Thursday, November 19, 2015


Raphael of St. Joseph Kalinowski, O.C.D.  (September 1, 1835 – November 15, 1907) was a Polish Discalced Carmelite friar inside the Russian partition of Polish-Lithuanian Commonwealth, in the city of Vilnius. He was a teacher, engineer, prisoner of war, royal tutor, and priest, who founded many Carmelite monasteries around Poland after their suppression by the Russians.

Kalinowski was canonized by Pope John Paul II in 1991, the first man to be so recognized in my former community of Discalced Carmelites since Saint John of the Cross. Today, November 19, is his feast day.

For what it's worth, Pope (now himself Saint) John Paul II grew up in the town where Raphael Kalinowski died and was buried. The young Karol Wojtyła used to visit the tomb and once approached the friars about entering the Order. He was told to look elsewhere, and we all know the rest of the story. Nonetheless, he remained a great devotee of the Carmelites, wrote his doctoral dissertation on St. John of the Cross and canonized and beatified a number of holy friars and nuns of the Order that had refused him entry..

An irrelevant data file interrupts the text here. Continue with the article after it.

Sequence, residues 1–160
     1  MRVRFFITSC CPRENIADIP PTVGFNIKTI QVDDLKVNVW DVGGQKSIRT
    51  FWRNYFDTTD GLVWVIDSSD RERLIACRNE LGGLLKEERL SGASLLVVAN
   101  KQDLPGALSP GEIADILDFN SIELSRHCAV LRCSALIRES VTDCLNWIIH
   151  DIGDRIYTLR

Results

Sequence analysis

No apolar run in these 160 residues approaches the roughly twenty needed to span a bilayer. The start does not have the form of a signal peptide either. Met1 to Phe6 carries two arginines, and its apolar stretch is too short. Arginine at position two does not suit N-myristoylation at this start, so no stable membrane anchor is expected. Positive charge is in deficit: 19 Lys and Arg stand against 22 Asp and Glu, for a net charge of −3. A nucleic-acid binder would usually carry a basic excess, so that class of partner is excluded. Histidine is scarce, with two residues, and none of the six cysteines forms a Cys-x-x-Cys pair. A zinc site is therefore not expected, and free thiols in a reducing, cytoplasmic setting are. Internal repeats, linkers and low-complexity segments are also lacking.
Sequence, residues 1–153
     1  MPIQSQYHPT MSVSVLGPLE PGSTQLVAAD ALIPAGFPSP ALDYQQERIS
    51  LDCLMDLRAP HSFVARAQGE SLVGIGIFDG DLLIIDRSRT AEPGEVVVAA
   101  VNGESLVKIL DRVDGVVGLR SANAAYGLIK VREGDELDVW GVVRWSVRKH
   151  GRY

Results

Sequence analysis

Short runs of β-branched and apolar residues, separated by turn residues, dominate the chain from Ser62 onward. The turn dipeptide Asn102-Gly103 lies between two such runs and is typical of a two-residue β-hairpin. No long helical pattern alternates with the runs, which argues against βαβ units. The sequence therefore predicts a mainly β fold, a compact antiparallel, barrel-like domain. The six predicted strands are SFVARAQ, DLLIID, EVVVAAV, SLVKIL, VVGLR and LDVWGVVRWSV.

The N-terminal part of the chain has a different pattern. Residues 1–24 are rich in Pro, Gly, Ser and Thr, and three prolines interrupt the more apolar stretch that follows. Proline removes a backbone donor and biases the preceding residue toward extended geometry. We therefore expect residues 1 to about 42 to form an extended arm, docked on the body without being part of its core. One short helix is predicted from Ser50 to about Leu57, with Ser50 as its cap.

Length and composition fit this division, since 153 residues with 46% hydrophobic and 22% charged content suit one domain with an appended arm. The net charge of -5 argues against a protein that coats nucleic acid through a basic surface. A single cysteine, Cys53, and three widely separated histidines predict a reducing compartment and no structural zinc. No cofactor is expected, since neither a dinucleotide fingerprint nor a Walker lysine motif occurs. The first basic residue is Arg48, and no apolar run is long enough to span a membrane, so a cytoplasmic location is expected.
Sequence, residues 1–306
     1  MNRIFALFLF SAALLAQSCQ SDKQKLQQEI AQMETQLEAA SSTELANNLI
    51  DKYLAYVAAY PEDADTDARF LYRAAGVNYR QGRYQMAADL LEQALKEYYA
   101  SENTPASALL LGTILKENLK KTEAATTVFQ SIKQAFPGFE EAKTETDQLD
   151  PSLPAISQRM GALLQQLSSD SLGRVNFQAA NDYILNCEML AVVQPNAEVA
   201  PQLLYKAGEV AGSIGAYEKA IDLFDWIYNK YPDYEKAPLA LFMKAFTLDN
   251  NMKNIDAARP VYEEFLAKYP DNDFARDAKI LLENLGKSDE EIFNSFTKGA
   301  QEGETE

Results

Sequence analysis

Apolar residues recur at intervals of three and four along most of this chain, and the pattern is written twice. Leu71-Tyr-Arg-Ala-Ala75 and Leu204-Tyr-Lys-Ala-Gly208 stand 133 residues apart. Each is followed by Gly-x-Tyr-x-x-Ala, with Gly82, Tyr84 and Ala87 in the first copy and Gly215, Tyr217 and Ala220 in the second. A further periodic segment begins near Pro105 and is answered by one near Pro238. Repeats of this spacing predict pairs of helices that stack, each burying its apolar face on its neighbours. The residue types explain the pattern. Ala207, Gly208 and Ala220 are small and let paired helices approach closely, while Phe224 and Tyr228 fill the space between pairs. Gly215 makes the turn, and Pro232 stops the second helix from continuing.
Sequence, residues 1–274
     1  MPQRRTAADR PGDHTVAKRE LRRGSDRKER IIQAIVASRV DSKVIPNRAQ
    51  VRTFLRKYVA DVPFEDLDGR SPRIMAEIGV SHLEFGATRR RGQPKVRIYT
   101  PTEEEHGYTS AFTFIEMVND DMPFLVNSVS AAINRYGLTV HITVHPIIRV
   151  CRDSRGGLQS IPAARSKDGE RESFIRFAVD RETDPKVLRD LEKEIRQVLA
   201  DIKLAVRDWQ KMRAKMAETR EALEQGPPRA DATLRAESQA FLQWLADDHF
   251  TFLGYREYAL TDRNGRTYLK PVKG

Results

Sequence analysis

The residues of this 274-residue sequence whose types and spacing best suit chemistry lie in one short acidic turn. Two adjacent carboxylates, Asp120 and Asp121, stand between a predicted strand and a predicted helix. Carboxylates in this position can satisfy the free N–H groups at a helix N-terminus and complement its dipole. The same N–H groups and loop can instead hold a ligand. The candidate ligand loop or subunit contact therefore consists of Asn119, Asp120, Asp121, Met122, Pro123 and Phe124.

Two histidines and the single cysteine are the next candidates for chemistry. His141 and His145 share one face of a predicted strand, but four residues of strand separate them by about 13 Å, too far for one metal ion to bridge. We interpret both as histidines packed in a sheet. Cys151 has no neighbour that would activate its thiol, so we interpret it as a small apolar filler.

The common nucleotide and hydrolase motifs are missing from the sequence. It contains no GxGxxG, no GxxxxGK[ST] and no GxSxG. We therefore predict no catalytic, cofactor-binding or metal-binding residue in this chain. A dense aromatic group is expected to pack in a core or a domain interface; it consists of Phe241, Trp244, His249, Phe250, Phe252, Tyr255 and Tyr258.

Because of Raphael Kalinowski's opposition to the Russian partition -- that is what led to his stint as a prisoner of war --, he was considered a Polish hero, although there are those who say he was really a Lithuanian hero. Whether this all had anything to do with the canonization, I leave to your own reflection.

A slightly personal sidelight on this story is that Fr. Raphael Kitz (of St. Joseph) was once my student master. When he was a student in Rome in the late-fifties/early-sixties, he was given a rosary that had belonged to the then-not-yet-canonized Polish friar who bore the same name in religion. Like me, Raphael Kitz was a convert to Catholicism, and his family was Lutheran. When his father died, Raphael, in a fit of filial devotion or something, put the Kalinowski rosary into the coffin with his father. We used to tease Raphael that if people prayed at his father's grave and miracles were worked by Kalinowski because his rosary was there, people might think that the miracles were the result of the prayers of the Lutheran Mr. Kitz, and this would lead to confusion among the faithful.

Maybe you have to be Catholic to find that story amusing.

1 comment:

Ur-spo said...

I found it amusing.